A now-sacked Ghanaian government minister has admitted that he accepted a cash gift of $40,000 (£33,000) “in order not to offend the sensibility of a potential wealthy investor”, according to an official report into the incident.
Charles Adu Boahen was dismissed as a minister last November after an investigative journalist caught him on camera appearing to accept the money from someone pretending to be a wealthy sheikh who had expressed an interest in investing $500m in the continent including setting up an Islamic Bank in Ghana.
Ghana’s Office of the Special Prosecutor (OSP), which looks into alleged corruption and corruption-related activities, launched a six-month investigation and released its report on Monday.
The secret filming by media company Tiger Eye PI also showed Mr Adu Boahen asking for “20% of the intended investment as his cut” and a fee of $200,000 for the vice-president,” the OSP report says. The vice-president knew nothing of the arrangement.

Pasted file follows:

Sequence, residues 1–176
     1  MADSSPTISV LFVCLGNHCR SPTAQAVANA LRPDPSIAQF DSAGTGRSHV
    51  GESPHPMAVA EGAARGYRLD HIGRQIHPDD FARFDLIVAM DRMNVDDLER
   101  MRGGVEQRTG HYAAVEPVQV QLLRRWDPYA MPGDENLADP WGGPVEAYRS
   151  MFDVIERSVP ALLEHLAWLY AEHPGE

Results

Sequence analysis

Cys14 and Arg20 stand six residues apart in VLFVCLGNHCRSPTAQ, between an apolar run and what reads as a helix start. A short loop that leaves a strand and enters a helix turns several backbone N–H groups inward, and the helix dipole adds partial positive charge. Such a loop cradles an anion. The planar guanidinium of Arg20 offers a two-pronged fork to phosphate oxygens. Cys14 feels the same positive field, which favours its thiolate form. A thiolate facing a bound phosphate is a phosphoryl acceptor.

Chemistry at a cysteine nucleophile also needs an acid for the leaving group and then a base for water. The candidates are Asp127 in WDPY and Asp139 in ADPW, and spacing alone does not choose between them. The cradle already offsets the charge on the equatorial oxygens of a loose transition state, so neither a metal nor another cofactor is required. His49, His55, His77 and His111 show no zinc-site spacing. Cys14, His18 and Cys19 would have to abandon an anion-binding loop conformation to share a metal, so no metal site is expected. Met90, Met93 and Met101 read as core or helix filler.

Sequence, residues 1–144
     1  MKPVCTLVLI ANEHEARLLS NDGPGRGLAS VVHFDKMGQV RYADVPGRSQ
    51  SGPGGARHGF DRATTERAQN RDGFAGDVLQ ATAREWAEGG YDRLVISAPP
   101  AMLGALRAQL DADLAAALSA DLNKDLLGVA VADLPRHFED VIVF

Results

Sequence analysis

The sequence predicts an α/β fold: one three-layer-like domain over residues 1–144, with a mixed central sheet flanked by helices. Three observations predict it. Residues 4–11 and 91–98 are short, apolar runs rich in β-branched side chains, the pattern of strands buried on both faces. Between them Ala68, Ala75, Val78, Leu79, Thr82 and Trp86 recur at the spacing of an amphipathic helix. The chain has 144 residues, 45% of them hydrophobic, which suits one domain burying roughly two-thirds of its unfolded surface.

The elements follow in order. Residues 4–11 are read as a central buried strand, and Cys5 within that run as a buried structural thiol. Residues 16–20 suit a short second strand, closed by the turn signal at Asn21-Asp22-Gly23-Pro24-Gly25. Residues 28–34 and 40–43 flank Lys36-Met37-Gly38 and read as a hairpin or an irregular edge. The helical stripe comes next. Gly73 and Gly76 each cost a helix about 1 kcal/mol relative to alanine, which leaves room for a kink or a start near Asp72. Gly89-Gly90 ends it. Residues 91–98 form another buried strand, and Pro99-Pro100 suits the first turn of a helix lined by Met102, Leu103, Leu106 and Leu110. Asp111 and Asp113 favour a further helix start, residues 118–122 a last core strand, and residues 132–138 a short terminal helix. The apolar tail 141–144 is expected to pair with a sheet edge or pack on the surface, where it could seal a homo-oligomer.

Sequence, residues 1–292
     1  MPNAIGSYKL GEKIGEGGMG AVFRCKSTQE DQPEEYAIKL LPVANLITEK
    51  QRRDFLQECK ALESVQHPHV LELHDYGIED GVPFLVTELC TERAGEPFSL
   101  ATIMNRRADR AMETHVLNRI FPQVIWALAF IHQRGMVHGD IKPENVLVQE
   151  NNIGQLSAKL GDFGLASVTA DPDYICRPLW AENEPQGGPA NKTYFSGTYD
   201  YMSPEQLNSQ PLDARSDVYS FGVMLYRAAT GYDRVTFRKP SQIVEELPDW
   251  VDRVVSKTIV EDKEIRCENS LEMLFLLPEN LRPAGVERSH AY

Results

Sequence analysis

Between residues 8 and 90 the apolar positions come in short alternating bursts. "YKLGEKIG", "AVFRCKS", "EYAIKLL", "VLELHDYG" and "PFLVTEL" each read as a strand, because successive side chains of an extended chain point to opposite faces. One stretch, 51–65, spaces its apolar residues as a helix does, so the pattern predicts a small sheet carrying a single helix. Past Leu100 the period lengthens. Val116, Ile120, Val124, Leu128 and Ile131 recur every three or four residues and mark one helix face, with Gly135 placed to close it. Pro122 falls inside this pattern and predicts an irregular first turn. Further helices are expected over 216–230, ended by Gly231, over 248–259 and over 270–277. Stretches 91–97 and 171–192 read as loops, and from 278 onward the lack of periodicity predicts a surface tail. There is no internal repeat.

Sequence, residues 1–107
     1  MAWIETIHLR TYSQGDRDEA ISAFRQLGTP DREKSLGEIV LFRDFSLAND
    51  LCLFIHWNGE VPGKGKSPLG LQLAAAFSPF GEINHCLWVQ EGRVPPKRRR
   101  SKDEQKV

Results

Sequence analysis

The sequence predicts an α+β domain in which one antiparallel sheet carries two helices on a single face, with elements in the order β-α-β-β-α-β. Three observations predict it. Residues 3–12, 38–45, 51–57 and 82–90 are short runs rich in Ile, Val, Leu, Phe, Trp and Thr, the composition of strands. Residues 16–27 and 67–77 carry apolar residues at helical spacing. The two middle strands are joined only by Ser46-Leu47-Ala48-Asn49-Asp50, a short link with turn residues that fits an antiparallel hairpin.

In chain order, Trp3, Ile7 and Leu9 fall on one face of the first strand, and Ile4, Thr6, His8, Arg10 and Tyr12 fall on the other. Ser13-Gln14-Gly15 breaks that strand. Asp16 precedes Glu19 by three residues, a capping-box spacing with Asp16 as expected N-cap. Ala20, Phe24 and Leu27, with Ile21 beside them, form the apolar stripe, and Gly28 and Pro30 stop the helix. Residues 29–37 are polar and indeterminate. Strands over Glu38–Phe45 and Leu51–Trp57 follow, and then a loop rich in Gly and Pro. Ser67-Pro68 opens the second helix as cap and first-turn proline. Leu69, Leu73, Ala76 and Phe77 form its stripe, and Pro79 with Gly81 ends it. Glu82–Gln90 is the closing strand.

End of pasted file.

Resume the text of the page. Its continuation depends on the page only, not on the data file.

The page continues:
In his conclusions, Special Prosecutor Kissi Agyebeng said Mr Adu Boahen “exhibited [a] lack of sound judgment. His claim that he accepted the cash gift to avoid offending the supposed sheikh lies very thinly.”
In addition, Mr Kissi Agyebeng said the former minister was “quite reckless” in bringing up the vice-president.
Despite these conclusions the OSP said that while Mr Adu Boahen’s actions amounted “to trading in influence or influence peddling” they are not criminal offences in Ghanaian law and as a result he cannot be prosecuted.
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